Monday, December 5, 2011

Off With Their Heads

[Jeremy Clarkson put his foot in it on BBC1's The One Show by calling for striking public sector workers to be taken outside and shot in front of their families]

 If Jeremy Clarkson had called for strikers to be beheaded, rather than shot in front of their families, he would have provided a perfect link to my story of how I nearly decapitated him. During the first series of Robot Wars, an errant blade flew off a robot at hundreds of miles an hour and embedded itself in a concrete wall directly behind Clarkson’s enormous head. The slow motion replay showed it missed his scalp by inches.

Had my robot been a little more accurate, there would have been nothing for 21,000 people to complain about to the BBC last week. Nor would the massed ranks of ramblers, health and safety executives, lorry drivers, Mexicans, families of train suicides and other Clarkson targets have had to suffer his ill-considered outbursts over the years. So to them I sincerely apologise. Given another chance, I will try harder next time. And I’ll make sure his family is watching.

The argument over public service pensions has produced lots of misinformed rants. If I hear one more outraged private sector employee complaining that they resent paying for the gold-plated rewards of our nurses and teachers I shall scream. Most people in the private sector, which, statistically, is most people, don’t understand the issues, because the majority of them have never made a pension contribution in their life. They’ve paid their national insurance contributions, of course, but that isn’t the point. This is about saving for your retirement, which most people have never bothered to do. Now it’s catching up with them and they’re looking for a scapegoat.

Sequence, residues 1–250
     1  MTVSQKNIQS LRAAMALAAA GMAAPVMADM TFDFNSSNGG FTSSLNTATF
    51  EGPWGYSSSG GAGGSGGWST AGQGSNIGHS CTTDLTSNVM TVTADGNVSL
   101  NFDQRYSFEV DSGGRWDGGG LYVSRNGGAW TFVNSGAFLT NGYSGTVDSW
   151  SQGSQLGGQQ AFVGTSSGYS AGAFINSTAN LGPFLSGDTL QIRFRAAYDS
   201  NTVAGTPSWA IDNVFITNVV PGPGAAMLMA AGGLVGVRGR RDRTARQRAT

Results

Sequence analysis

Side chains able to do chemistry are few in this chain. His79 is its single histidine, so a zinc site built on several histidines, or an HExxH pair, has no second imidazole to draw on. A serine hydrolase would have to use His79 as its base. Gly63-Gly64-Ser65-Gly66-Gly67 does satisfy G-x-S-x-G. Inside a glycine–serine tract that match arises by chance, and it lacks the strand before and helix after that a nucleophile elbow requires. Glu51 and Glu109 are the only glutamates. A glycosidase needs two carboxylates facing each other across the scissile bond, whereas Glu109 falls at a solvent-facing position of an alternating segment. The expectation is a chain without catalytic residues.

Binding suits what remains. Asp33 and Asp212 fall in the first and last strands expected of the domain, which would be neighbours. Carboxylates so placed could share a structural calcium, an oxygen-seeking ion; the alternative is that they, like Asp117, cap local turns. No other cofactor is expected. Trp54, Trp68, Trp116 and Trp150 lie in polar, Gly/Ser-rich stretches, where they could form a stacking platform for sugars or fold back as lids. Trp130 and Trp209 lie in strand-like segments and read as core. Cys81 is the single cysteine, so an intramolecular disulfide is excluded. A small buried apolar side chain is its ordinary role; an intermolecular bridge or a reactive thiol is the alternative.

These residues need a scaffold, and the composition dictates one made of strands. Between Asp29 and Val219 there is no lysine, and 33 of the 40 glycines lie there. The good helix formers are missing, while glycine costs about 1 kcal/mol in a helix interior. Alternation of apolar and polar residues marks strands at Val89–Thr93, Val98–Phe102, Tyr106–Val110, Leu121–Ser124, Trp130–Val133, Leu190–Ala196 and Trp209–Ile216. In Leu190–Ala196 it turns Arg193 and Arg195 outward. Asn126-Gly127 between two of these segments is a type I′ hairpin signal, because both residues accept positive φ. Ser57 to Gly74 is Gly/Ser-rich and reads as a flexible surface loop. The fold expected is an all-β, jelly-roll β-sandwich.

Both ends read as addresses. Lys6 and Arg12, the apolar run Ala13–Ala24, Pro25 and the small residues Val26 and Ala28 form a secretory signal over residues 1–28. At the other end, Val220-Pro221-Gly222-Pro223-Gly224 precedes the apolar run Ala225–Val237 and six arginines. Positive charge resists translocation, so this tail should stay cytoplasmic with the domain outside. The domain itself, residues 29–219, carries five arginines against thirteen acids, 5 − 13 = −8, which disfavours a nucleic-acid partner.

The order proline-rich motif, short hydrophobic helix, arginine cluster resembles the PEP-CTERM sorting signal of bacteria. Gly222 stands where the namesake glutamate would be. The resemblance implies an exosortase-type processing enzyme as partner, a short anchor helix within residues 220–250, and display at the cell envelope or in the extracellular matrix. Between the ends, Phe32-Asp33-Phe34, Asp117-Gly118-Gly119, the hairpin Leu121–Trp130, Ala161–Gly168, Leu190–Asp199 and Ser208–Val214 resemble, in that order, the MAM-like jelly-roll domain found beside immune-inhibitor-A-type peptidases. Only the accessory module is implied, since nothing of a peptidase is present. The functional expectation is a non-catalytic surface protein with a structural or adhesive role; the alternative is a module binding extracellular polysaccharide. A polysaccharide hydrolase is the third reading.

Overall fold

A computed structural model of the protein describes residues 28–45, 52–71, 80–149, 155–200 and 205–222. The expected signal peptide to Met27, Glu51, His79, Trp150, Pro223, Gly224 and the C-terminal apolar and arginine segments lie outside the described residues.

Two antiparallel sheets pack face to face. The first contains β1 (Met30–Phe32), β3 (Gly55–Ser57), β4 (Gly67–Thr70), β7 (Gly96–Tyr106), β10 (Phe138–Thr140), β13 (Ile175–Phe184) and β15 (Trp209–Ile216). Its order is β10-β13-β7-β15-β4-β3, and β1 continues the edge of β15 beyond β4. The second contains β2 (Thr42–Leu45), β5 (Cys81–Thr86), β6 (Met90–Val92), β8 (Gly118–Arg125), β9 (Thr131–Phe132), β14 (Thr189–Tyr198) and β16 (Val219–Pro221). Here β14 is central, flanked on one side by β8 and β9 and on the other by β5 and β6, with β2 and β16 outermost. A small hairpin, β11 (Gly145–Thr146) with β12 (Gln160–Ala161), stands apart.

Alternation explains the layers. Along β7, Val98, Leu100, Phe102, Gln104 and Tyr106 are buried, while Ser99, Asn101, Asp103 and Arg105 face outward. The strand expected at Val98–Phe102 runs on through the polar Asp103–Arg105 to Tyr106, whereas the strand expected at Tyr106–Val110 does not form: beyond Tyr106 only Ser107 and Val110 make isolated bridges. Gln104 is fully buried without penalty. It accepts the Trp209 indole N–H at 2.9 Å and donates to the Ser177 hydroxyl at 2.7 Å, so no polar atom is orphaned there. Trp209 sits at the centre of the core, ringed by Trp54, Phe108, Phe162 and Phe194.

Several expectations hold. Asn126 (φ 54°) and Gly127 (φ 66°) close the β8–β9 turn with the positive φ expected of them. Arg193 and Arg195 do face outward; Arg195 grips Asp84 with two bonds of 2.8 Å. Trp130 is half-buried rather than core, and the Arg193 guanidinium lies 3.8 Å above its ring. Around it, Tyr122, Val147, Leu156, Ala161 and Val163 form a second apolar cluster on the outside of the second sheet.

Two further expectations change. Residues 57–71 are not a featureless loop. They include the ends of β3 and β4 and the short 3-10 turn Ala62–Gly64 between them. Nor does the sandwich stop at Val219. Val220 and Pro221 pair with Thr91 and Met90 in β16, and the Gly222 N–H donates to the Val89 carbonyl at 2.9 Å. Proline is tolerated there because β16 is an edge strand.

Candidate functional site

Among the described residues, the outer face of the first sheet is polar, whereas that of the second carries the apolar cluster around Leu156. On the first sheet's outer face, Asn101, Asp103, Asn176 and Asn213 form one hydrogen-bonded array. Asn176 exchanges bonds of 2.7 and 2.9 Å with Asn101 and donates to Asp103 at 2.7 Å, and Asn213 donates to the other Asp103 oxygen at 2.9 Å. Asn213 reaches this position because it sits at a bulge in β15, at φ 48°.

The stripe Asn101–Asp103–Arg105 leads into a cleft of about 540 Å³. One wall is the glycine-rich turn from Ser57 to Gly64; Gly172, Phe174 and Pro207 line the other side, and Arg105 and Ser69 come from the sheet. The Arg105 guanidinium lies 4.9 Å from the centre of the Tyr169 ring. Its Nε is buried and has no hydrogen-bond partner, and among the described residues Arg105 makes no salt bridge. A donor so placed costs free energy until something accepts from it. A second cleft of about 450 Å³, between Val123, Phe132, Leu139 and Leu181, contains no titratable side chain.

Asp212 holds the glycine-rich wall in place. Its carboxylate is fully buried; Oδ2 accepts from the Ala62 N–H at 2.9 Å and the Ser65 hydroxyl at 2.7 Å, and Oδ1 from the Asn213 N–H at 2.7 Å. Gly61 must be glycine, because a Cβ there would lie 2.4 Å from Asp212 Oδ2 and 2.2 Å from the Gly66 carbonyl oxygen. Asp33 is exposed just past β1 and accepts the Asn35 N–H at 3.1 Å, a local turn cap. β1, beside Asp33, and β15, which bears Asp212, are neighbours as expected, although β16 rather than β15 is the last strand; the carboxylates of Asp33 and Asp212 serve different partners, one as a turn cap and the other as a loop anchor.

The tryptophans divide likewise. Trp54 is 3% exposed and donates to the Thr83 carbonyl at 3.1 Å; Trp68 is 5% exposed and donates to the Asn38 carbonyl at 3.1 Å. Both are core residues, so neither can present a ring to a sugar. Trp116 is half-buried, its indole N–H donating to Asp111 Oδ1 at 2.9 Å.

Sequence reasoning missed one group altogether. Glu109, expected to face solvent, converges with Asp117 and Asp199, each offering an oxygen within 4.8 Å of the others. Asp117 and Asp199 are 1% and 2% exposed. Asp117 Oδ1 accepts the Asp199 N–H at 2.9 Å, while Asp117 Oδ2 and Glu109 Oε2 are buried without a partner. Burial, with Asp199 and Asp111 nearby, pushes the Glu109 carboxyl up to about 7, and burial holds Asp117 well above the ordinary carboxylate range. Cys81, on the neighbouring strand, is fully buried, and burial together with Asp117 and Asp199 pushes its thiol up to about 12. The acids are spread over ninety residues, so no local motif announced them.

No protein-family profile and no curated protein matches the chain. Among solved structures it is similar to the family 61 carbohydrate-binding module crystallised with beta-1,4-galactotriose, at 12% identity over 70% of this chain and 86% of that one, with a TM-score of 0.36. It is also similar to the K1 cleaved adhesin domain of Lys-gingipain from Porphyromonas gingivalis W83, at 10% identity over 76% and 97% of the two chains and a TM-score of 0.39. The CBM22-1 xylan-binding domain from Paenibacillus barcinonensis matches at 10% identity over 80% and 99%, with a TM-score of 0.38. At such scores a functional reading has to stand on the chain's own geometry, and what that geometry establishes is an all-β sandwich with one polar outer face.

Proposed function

Here are a few statistics to get your Weetabix spluttering. 29 million people make up Britain’s workforce. Of these, only 6 million work in the “public sector”. 87% of these have been doggedly paying some of their salary into a pension scheme. Their employer has been contributing too: it’s in their contract of employment. Now they’re being asked to pay more and get less. Their employer is reneging on the deal. So they’re cross. I would be too.

Why there’s such a fuss is because that employer is me and most of you, and all the public sector workers themselves: all of us are taxpayers.

Of the 23 million workers not in the public sector, just 3 million or so pay some of their wages into a pension scheme to which the employer also contributes. These are good employers that care about their staff, like the employers in the public sector. Most companies don’t bother anymore. They treat their workers as temporary residents in the business, generating wealth for the owners in good times, before being thrown onto the scrapheap of redundancy when times are tough or when they are too old to continue. It’s the way the world was in Victorian times and it’s become the norm in our 21st century.

6 million other people, including self-employed workers like Jeremy Clarkson, are building a safety net with a personal pension scheme. Anyone over the age of 21 would be mad not to contribute something to one, however little they earn, but very few do. My children refuse to, much to my frustration. In this consumerist world, saving for retirement is considered a pointless dilution of scarce funds. Most people would rather have an iPhone 4S now than worry about the electricity bill in their old age.

Well under half the people in the private sector have no pension at all, preferring to spend all their income now with no thought to the future. It is many of these who are now complaining about the nurses and teachers.

They’ll be the ones badgering for an increase in the old age pension when they’re 70. And, without consideration for those who’ll be paying tax on income from their private and public sector pensions till they die, some of these people will selfishly carry on living till they’re 110. Just imagine what Jeremy Clarkson will be saying about them then.